Clambering over each other to get a better view, my fellow passengers are stunned into silence by the sight of two stocky, muscular white rhinos.

It's a fairly typical reaction for first-time safari-goers, but what makes our game drive significantly different is the fact these wide-eyed spectators live just a few kilometres from the park, yet have only ever encountered wildlife through TV screens and story books.

I've joined a group of 11-year-old pupils from Grahamstown Primary School for a Bush Day in the Amakhala Game Reserve on South Africa's Eastern Cape, as part of a six-week Coaching for Conservation educational programme.

Guides from the park's 11 lodges and camps, such as Bukela, where I'm staying, have volunteered to help out as drivers for the day, and I've come along to find out how wildlife, tourism and community empowerment are so heavily interdependent.

Originally set up by anthropologist Lesley McNutt as a Botswana-based project in 2004, C4C aims to teach children about endangered species and their environment through interactive games and sport. By translating animal skills to the football pitch, children begin to have a better understanding and appreciation for the world around them.

"The animals we are trying to protect are the coaches; they become the heroes," says Lesley, a Canadian who now lives full-time in Botswana and runs the Botswana Predator Conservation Trust with her husband John. "The lion sits beside Ronaldo and the cheetah alongside Beckham."

So far, the project has been a huge success, counting Prince William and Prince Harry as supporters, and there are now plans to implement it in other regions of Africa.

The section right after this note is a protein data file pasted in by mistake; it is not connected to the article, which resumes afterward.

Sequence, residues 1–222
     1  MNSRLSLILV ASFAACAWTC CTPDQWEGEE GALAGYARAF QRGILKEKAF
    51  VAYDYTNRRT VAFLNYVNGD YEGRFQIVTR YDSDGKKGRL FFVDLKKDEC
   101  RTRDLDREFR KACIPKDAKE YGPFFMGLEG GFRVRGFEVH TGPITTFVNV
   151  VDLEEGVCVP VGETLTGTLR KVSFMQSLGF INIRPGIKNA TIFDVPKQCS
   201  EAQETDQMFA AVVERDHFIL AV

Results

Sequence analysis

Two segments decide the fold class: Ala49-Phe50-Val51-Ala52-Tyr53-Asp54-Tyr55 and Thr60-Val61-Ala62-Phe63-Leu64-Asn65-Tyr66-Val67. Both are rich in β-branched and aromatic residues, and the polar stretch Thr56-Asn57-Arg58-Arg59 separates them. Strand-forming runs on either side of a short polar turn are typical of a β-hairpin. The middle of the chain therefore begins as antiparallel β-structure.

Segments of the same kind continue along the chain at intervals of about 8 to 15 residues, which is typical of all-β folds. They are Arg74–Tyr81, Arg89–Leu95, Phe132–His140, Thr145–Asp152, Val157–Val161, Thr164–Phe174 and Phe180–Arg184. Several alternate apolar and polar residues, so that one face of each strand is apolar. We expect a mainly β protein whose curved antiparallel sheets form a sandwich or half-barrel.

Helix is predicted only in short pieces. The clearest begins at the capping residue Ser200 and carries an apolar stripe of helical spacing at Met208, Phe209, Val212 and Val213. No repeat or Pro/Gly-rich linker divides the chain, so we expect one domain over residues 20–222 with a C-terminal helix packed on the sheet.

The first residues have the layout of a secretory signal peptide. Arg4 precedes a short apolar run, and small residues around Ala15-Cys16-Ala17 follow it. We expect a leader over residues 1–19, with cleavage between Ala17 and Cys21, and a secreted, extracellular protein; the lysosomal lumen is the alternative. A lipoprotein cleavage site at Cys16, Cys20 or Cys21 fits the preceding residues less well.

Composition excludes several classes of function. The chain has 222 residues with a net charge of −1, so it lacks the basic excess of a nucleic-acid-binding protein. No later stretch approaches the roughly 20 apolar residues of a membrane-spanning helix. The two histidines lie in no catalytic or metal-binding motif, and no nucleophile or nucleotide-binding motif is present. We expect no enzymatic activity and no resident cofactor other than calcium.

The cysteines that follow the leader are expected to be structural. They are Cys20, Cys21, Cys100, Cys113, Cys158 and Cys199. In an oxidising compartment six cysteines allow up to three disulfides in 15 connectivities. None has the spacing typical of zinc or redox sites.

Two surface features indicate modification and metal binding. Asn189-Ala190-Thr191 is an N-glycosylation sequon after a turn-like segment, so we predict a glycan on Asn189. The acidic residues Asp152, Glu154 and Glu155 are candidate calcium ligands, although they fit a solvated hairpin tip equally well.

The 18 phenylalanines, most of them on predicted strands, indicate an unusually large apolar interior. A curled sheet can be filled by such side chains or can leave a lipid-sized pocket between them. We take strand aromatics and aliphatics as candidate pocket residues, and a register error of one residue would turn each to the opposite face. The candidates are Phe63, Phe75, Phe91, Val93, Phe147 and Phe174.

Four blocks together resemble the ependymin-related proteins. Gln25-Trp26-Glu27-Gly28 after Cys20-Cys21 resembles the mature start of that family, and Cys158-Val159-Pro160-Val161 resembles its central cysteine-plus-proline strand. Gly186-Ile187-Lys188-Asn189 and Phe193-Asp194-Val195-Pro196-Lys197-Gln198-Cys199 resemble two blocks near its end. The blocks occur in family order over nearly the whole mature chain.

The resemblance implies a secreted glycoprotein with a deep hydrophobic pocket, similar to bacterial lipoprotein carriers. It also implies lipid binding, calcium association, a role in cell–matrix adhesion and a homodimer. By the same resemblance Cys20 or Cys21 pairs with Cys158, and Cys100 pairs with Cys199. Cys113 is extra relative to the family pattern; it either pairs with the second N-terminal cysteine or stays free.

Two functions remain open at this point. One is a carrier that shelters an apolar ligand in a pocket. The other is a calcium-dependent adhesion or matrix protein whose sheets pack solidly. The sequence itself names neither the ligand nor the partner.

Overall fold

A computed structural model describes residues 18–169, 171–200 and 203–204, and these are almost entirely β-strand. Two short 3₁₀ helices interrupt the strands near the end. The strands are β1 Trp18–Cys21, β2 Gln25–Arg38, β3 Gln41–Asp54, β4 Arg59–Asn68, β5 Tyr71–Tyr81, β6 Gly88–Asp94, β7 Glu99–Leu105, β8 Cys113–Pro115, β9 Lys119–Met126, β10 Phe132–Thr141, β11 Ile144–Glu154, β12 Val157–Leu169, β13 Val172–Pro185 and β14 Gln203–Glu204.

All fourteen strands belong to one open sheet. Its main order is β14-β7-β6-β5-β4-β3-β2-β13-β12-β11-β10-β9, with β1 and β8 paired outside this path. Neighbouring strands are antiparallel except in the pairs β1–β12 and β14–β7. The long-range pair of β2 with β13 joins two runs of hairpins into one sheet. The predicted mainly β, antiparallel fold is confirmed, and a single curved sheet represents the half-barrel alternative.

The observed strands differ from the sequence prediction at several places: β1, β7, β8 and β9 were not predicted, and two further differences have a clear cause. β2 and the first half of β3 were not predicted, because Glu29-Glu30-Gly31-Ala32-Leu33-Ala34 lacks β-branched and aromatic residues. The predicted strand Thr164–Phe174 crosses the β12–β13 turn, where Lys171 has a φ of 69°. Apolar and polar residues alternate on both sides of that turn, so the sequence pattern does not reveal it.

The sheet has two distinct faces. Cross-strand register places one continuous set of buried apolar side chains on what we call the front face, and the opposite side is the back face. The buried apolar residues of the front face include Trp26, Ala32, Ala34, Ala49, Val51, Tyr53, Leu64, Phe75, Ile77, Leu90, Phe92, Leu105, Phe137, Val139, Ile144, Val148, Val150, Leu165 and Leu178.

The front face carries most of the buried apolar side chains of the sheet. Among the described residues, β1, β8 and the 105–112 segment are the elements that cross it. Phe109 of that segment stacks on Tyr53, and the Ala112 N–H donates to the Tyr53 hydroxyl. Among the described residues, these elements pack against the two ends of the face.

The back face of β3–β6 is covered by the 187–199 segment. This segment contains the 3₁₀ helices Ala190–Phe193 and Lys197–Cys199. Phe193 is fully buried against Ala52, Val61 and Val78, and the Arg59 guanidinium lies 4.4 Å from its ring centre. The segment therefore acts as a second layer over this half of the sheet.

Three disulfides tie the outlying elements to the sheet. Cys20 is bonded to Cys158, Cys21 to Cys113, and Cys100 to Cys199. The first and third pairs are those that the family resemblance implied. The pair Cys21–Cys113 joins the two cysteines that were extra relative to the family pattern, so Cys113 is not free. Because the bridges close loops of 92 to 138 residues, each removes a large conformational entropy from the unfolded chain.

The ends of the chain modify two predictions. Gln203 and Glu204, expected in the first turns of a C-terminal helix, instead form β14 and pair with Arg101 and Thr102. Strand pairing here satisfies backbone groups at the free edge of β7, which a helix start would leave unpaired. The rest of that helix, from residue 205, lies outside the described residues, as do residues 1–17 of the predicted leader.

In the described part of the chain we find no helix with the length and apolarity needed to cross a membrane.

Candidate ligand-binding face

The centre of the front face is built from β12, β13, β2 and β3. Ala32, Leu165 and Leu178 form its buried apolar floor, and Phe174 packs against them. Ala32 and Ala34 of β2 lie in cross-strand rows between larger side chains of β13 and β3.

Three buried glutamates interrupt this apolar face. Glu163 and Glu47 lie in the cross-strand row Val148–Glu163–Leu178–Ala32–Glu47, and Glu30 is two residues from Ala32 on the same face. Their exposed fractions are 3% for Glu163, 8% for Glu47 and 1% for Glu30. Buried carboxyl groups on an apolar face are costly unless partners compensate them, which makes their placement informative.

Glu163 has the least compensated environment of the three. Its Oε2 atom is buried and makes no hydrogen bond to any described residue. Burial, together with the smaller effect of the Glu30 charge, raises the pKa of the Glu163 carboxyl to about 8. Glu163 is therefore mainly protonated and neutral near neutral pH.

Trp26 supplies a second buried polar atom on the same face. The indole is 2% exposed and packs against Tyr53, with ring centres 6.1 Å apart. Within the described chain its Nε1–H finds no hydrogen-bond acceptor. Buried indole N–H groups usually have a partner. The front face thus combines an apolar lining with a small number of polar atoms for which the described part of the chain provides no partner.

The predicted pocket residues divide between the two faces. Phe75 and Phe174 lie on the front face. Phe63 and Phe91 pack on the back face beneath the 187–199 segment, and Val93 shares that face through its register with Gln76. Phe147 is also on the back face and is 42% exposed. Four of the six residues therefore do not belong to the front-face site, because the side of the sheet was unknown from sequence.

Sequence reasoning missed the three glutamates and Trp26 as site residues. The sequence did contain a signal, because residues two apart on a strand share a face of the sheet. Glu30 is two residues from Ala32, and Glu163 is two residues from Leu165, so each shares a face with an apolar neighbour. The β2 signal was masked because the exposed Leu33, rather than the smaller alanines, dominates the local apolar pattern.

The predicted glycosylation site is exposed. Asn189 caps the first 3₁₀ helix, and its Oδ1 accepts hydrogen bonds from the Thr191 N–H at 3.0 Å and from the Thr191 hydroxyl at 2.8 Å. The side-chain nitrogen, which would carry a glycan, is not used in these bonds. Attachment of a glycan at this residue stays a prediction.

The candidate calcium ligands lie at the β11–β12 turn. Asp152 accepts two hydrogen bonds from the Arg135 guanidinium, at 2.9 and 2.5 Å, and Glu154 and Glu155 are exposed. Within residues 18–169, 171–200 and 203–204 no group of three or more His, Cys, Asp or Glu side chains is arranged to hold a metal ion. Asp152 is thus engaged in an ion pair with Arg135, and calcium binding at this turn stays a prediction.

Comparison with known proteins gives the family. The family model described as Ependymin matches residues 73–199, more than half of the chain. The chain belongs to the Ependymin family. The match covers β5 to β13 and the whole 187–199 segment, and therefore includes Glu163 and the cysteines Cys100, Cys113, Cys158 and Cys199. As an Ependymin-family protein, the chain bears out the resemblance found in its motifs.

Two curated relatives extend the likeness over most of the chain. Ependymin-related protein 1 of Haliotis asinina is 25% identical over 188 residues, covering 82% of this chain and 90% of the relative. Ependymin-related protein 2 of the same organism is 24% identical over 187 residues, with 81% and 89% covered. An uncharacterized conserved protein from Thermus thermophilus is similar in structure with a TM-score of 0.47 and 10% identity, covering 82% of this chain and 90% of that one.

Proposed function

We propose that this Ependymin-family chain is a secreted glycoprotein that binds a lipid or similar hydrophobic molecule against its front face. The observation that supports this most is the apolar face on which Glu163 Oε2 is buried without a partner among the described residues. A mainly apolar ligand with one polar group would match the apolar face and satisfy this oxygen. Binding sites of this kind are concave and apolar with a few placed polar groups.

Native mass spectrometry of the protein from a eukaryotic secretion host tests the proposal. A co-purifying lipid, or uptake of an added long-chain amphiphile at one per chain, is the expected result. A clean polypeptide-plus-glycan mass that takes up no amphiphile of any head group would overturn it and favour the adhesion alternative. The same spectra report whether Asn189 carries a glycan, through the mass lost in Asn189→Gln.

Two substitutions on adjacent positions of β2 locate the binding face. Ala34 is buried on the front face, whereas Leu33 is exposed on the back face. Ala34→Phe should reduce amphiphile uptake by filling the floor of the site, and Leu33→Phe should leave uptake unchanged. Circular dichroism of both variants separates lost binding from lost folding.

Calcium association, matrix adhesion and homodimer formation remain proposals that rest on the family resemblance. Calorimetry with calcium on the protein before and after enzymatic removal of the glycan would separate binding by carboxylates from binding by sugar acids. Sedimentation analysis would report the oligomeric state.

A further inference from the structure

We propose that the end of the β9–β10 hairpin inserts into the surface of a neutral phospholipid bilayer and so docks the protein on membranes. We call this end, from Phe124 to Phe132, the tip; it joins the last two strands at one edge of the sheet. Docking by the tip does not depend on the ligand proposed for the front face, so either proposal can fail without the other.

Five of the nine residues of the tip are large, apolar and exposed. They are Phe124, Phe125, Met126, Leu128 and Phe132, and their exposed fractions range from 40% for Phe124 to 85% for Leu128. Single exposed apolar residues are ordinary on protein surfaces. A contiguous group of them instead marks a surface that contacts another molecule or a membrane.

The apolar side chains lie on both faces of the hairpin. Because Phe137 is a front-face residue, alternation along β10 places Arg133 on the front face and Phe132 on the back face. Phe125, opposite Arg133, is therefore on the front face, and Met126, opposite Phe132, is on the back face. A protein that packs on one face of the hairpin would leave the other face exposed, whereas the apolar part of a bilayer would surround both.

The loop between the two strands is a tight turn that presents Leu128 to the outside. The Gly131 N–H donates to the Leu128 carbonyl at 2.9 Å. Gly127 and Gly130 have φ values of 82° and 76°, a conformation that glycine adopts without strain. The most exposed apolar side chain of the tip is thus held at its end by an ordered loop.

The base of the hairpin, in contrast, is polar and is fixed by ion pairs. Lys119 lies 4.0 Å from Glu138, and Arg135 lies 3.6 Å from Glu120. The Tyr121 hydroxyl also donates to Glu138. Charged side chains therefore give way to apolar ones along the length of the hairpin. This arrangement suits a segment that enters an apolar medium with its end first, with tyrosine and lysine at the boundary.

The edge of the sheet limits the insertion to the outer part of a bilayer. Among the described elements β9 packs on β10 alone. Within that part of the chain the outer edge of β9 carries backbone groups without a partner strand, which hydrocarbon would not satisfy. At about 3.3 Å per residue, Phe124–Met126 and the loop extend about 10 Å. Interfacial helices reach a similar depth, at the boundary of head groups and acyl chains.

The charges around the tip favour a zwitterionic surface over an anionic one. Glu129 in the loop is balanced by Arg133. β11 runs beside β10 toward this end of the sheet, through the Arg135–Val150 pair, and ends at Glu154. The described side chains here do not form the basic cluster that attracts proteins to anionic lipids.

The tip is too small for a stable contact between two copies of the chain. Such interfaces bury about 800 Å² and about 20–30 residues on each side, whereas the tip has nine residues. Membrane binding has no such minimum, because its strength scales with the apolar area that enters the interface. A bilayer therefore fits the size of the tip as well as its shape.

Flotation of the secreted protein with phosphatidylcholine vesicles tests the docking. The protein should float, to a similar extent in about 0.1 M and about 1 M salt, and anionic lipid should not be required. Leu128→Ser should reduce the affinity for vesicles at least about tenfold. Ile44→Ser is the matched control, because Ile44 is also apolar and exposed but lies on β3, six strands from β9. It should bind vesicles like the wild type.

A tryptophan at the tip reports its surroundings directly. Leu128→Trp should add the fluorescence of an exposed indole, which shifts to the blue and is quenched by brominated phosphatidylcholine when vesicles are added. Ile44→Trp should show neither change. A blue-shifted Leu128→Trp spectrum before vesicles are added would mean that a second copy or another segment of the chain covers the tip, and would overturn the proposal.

In 2013, C4C were invited to join with Investec's Rhino Lifeline project in South Africa, tweaking the curriculum to focus on the highly endangered African rhino.

The country's poaching crisis is now so grave, game reserves such as Amakhala refuse to disclose the exact number of rhinos on their grounds, and rangers are banned from even mentioning the animal on radio intercoms.

As we bump across the reserve's muddy terrain, excited children grip tightly to their seats, frequently losing their orange C4C baseball caps in the wind. Several warthogs scurry into the bushes, their tails held erect like radio antennae, causing roars of laughter all round.

When coach and game ranger Melumzi stops the vehicle to pick up a dry ball of elephant dung, smiles quickly turn into wrinkled grimaces.

"Some people burn this to ward off evil spirits," he reveals, pulling apart the fibrous poop. "I even used to wash in the stuff!"

His startling admission is met with looks of amusement and horror.

But when he invites the children to have a sniff, they can't resist - between fits of giggles - lowering their noses to the dung.

Along with providing entertainment, Melumzi also has some important lessons to share. He tells the children, who are now listening intently, that on average, three black rhinos are poached in South Africa every day; then goes on to say their prized horns are made of nothing more than calcium and keratin - just like our fingernails.

While the children gaze at two of Amakhala's white rhinos, Melumzi explains how the animal can quickly divert its course, a skill that can be employed both on the football pitch and in everyday life.

"If your friends do something you think is wrong, then it's important to change direction and turn away."

Back at the camp base, which consists of a simple classroom and sports area, the message is further consolidated through games and lessons guided by project co-ordinators Jenny Gush and Kate Muir.

Some children perform a haka-style dance with sticks representing rhino horns, while chanting C4C's core values: respect yourself; respect each other; respect your environment.

Meanwhile, another small group gathers in a circle, each person representing a different animal or part of the landscape and linked together with pieces of string to form giant cat's cradle. I join in as a rhino.